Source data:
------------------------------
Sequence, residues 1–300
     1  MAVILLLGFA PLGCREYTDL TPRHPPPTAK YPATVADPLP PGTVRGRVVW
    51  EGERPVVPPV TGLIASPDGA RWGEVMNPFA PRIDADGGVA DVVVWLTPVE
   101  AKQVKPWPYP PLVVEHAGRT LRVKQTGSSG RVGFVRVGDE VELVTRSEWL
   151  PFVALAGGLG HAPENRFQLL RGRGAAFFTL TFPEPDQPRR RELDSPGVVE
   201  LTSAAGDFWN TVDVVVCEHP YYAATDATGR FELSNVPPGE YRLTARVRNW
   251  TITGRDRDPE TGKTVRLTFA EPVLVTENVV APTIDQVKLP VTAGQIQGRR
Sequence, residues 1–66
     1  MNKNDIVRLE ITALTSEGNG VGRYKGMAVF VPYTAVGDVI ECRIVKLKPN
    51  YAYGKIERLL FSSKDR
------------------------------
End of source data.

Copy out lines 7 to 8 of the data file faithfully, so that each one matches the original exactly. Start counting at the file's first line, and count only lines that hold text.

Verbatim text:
   251  TITGRDRDPE TGKTVRLTFA EPVLVTENVV APTIDQVKLP VTAGQIQGRR
Sequence, residues 1–66